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When did employer-provided health insurance start?

A brief overview...
  • Employer-based health insurance became popular in the 1940s due to the 1942 Stabilization Act
  • It started as an effective incentive for employees that did not technically count as income
  • Prior to that, Americans mostly purchased health plans individually. Private health insurance companies were not even popular options until the 1930s
  • Employer-based health insurance increased in the 1950s when labor unions started to fight for better health insurance packages from employers
  • Due to the reliance on employer-based health coverage during this time, Medicare and Medicaid were introduced to address the lack of healthcare for those who were retired or out of work

What started employer-based health insurance?


In the early 20th century, most people paid their own health care costs and there was little reason or motivation for employers to be involved or offer healthcare plans. Some jobs that were seen as dangerous, such as the mining or railroad industry, did have company doctors due to the nature of the profession, but it was far from the employer-based healthcare plans that are prevalent in America today.

In the 1930s, private health insurance companies, such as Blue Cross Blue Shield, entered the health care industry. However, at this point in time, these plans were mostly purchased by individuals and not offered by employers. It was not until the year 1942, with the passing of the 1942 Stabilization Act, that employers had more incentive to offer health insurance to their employees. This act regulated companies’ ability to increase wages in an attempt to deal with inflation.

Employers began to offer health benefits as a way to increase an employee’s compensation and offer a more attractive package and work environment without increasing an employee’s income.

Health insurance has come a long way since its inception; enter your zip code above and discover all your available options today with free quotes!

Labor Unions and the increase in employer-based health insurance plans

Employer-based health insurance increased and expanded in the 1950s due to labor unions pushing employer’s to offer better benefit packages. This time period also so the introduction of vision and dental health insurance plans, in addition to basic medical insurance.

By the 1960s, employer-based health insurance had become standard practice.

Introduction of Medicare and Medicaid


Employer-based health insurance did present several problems for populations who did not work. Those who were retired found themselves unable to afford private health coverage, which was especially problematic for the elderly.

Additionally, those who were out of work or in low paying jobs could not afford private health insurance coverage.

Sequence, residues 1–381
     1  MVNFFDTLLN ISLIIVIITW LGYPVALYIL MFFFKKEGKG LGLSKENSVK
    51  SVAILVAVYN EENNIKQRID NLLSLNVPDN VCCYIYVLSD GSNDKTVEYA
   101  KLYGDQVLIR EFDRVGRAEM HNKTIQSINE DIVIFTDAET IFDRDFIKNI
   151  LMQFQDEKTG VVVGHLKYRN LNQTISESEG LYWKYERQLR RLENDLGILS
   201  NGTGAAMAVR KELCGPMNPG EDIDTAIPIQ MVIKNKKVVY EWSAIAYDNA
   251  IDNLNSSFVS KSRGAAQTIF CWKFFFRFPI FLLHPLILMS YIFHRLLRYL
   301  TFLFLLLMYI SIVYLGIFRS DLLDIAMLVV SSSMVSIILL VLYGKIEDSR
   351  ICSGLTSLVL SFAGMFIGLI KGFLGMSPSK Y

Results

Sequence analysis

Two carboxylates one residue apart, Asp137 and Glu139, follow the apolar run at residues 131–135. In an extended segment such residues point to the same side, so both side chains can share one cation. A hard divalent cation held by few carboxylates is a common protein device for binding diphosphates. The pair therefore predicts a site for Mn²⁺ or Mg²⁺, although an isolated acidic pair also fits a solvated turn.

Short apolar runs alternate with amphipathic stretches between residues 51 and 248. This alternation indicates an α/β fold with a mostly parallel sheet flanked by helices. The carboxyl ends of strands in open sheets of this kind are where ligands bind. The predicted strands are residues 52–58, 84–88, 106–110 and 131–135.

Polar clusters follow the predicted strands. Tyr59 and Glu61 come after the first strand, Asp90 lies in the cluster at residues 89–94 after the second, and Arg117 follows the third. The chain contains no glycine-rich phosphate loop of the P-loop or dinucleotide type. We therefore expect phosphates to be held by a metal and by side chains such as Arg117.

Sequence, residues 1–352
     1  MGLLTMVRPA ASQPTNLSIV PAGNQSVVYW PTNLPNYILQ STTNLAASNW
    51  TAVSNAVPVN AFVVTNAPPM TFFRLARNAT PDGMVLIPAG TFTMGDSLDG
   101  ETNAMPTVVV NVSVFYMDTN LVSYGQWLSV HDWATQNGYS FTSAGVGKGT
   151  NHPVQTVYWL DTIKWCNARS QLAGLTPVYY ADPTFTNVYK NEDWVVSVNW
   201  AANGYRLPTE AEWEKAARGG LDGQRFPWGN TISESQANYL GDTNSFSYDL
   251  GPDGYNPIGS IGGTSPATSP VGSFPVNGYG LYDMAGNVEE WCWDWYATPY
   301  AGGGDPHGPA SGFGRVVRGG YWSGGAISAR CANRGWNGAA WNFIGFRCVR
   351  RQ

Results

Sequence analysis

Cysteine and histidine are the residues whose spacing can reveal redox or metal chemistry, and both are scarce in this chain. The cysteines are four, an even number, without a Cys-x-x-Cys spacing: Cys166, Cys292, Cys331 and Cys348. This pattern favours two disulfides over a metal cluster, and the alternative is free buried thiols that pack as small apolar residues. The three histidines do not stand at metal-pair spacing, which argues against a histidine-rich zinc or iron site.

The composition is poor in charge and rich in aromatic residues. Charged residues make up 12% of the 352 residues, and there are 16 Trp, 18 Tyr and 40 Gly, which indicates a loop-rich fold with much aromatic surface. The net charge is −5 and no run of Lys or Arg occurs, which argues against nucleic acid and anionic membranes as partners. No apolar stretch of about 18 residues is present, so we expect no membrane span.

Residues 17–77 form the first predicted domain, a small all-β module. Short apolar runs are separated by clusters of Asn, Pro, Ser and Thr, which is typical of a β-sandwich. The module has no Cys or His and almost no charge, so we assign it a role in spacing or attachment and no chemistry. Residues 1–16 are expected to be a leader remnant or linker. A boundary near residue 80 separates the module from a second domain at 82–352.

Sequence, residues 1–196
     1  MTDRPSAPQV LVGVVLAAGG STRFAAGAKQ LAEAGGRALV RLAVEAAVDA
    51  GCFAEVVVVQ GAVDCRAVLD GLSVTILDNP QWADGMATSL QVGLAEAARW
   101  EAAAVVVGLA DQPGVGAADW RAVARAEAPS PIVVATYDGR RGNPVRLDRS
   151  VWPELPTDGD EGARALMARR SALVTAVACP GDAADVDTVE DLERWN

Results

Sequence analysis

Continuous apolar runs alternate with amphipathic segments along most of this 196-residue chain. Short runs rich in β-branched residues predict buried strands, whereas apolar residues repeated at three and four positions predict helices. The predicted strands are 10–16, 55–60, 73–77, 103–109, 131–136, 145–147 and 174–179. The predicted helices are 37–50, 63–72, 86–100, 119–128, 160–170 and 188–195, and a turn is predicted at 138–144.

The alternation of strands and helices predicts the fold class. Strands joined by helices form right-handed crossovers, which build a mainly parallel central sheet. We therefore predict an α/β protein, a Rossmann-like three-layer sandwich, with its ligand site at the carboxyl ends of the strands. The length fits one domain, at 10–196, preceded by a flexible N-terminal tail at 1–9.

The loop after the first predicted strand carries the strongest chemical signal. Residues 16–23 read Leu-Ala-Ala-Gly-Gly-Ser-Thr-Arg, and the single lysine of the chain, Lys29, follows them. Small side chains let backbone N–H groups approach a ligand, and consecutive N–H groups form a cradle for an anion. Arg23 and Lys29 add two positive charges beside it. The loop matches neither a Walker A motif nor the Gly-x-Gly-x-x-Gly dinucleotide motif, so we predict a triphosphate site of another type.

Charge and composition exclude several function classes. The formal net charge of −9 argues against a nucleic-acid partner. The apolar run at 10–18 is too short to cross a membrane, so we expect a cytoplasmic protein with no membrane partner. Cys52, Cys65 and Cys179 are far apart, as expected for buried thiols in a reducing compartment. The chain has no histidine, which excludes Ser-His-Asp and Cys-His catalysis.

This led President Lyndon Johnson to create the Medicare and Medicaid systems in the year 1965. Medicare was created as a health insurance plan for retirees and Medicaid was to assist in covering those who had lower incomes or worked for companies that did not offer health insurance at all.

Currently, Americans who are 65 or older and worked for at least ten years and earned enough tax credits are eligible for free Medicare Part A, which is hospital insurance, so health insurance for retirees has become significantly more affordable.

Healthcare Reform


Employer-based health insurance still poses many issues and healthcare reform has been an important policy topic since the late 1960s. In the early 1970s, Senator Kennedy and President Nixon both proposed health care reform plans that could possibly make health care more accessible to many Americans. However, the Watergate scandal associated with President Nixon’s presidency affected the enactment of any of these legislative changes and other national policy issues took precedent over healthcare reform.

During the Clinton presidency in the early 1990s, healthcare reform became a major policy discussion once again. However, the Clinton healthcare proposal did not pass in Congress because it would have changed the entire health care system.

During this time, healthcare costs continued to rise, but more liberal HMO’s were created to give employees a bit more flexibility and autonomy in their health care.

In 2010, during Barack Obama’s presidency, the Affordable Care Act was passed. The goal of this legislation was to increase healthcare coverage for more Americans and make it more accessible. It is still in its early stages and the long-term effectiveness of this law remains unclear.

The Affordable Care Act required many more employers to offer health insurance to their employees or risk having to pay a penalty fine.

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